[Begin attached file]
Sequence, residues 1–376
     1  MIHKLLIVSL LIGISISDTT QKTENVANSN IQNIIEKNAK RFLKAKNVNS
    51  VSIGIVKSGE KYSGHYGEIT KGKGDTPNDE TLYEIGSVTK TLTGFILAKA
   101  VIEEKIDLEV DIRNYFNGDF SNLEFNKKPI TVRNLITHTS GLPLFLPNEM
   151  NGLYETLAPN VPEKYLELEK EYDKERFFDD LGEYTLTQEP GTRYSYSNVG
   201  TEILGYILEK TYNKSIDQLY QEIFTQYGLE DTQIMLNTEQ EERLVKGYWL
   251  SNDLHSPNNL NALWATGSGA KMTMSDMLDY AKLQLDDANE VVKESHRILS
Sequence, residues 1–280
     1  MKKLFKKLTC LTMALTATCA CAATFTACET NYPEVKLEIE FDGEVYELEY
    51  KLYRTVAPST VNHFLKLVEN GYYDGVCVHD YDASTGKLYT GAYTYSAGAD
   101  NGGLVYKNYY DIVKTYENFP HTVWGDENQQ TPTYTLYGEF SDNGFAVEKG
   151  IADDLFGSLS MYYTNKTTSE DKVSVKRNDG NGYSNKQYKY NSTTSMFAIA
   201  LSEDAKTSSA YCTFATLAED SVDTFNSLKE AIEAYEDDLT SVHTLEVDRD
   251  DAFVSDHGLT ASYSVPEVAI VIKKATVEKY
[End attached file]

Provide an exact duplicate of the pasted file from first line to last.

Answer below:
Sequence, residues 1–376
     1  MIHKLLIVSL LIGISISDTT QKTENVANSN IQNIIEKNAK RFLKAKNVNS
    51  VSIGIVKSGE KYSGHYGEIT KGKGDTPNDE TLYEIGSVTK TLTGFILAKA
   101  VIEEKIDLEV DIRNYFNGDF SNLEFNKKPI TVRNLITHTS GLPLFLPNEM
   151  NGLYETLAPN VPEKYLELEK EYDKERFFDD LGEYTLTQEP GTRYSYSNVG
   201  TEILGYILEK TYNKSIDQLY QEIFTQYGLE DTQIMLNTEQ EERLVKGYWL
   251  SNDLHSPNNL NALWATGSGA KMTMSDMLDY AKLQLDDANE VVKESHRILS
Sequence, residues 1–280
     1  MKKLFKKLTC LTMALTATCA CAATFTACET NYPEVKLEIE FDGEVYELEY
    51  KLYRTVAPST VNHFLKLVEN GYYDGVCVHD YDASTGKLYT GAYTYSAGAD
   101  NGGLVYKNYY DIVKTYENFP HTVWGDENQQ TPTYTLYGEF SDNGFAVEKG
   151  IADDLFGSLS MYYTNKTTSE DKVSVKRNDG NGYSNKQYKY NSTTSMFAIA
   201  LSEDAKTSSA YCTFATLAED SVDTFNSLKE AIEAYEDDLT SVHTLEVDRD
   251  DAFVSDHGLT ASYSVPEVAI VIKKATVEKY